V. ID. 9th
 But before the last day shall have put an end to the shows, sworded Orion will have sunk in the sea.45
IV. ID. 10th
 When the next Dawn shall have looked on victorious Rome, and the stars shall have been put to flight and given place to the sun, the Circus will be thronged with a procession and an array of the gods, and the horses, fleet as the wind, will contend for the first palm.
PR. ID. 12th
 Next come the games of Ceres. There is no need to declare the reason; the bounty and the services of the goddess are manifest. The bread of the first mortals consisted of the green herbs which the earth yielded without solicitation; and now they plucked the living grass from the turf, and now the tender leaves of tree-tops furnished a feast. Afterwards the acorn became known; it was well when they had found the acorn, and the sturdy oak offered a splendid affluence. Ceres was the first who invited man to better sustenance and exchanged acorns for more useful food. She forced bulls to yield their necks to the yoke; then for the first time did the upturned soil behold the sun. Copper was now held in esteem; iron ore still lay concealed; ah, would that it had been hidden for ever! Ceres delights in peace; and you, ye husbandmen, pray for perpetual peace and for a pacific prince. You may give the goddess spelt, and the compliment of spurting salt, and grains of incense on old hearths; and if there is no incense, kindle resinous torches. Good Ceres is content with little, if that little be but pure. Ye attendants, with tucked up robes, take the knives away from the ox; let the ox plough; sacrifice the lazy sow. The axe should never smite the neck that fits the yoke; let him live and often labour in the hard soil.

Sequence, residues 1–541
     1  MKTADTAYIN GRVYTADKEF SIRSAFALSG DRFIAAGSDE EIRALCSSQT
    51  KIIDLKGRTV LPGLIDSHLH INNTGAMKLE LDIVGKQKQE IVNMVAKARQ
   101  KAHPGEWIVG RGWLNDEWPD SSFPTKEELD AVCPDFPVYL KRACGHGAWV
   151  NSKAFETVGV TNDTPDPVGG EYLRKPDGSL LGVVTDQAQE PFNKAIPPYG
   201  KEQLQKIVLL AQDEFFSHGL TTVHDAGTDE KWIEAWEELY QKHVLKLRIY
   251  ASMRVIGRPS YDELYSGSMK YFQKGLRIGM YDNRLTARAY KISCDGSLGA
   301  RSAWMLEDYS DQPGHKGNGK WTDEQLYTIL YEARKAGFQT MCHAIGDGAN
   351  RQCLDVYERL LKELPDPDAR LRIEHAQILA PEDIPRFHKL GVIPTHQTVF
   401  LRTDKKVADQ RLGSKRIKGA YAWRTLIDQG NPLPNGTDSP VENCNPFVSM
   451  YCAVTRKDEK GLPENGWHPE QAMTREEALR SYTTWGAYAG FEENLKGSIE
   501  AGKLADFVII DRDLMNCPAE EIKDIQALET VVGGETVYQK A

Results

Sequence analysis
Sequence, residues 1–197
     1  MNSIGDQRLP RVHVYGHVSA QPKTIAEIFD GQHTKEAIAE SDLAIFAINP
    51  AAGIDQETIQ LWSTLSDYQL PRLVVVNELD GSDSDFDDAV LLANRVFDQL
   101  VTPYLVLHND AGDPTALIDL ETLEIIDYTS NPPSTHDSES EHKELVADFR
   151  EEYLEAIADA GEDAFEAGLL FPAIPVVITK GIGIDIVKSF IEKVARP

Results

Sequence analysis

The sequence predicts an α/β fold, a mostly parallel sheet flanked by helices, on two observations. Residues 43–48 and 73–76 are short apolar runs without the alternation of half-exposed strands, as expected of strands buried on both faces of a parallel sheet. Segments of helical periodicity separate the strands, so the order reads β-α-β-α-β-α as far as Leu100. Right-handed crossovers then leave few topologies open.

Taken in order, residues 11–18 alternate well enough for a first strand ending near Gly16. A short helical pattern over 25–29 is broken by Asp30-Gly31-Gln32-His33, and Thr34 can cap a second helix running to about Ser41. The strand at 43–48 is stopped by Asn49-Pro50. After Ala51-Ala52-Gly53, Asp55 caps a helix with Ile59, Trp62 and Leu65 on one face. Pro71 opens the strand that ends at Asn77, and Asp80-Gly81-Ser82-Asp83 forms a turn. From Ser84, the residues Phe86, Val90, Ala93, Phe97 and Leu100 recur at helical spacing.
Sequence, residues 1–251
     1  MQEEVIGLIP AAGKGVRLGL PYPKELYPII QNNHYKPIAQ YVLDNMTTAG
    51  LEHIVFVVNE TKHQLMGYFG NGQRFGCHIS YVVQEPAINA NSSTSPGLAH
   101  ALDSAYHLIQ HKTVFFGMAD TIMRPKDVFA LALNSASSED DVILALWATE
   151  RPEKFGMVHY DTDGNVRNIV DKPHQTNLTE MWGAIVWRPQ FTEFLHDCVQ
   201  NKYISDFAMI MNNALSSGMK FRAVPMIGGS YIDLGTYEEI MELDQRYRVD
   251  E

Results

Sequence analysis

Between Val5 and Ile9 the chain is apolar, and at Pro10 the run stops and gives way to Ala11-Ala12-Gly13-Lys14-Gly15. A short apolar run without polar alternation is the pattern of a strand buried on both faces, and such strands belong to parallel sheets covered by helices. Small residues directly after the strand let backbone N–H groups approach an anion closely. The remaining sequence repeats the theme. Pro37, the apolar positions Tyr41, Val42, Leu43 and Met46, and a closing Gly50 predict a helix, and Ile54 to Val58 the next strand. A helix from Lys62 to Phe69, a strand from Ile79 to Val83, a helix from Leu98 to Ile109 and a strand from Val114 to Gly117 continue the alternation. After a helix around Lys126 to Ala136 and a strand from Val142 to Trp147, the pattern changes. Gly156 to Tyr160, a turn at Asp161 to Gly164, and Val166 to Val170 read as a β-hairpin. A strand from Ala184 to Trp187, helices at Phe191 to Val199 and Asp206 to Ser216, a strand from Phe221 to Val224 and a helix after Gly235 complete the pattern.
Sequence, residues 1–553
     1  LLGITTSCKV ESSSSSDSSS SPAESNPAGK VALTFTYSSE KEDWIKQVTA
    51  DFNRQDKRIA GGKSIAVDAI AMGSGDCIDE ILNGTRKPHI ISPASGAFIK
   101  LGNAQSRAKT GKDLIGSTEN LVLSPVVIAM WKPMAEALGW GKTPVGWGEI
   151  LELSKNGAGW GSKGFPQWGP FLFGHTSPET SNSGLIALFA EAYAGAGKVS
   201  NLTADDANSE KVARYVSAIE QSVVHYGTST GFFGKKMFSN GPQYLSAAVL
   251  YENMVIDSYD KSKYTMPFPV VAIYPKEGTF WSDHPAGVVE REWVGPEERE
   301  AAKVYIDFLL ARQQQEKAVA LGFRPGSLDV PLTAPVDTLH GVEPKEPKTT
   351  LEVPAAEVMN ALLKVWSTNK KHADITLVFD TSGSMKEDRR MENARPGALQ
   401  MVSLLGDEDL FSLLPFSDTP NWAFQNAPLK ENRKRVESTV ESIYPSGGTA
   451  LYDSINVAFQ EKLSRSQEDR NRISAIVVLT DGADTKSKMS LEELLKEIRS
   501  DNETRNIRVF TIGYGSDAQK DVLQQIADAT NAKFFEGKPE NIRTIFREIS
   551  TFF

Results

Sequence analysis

The subject requires that I should narrate the rape of the Virgin: in my narrative you will read much that you knew before; a few particulars will be new to you.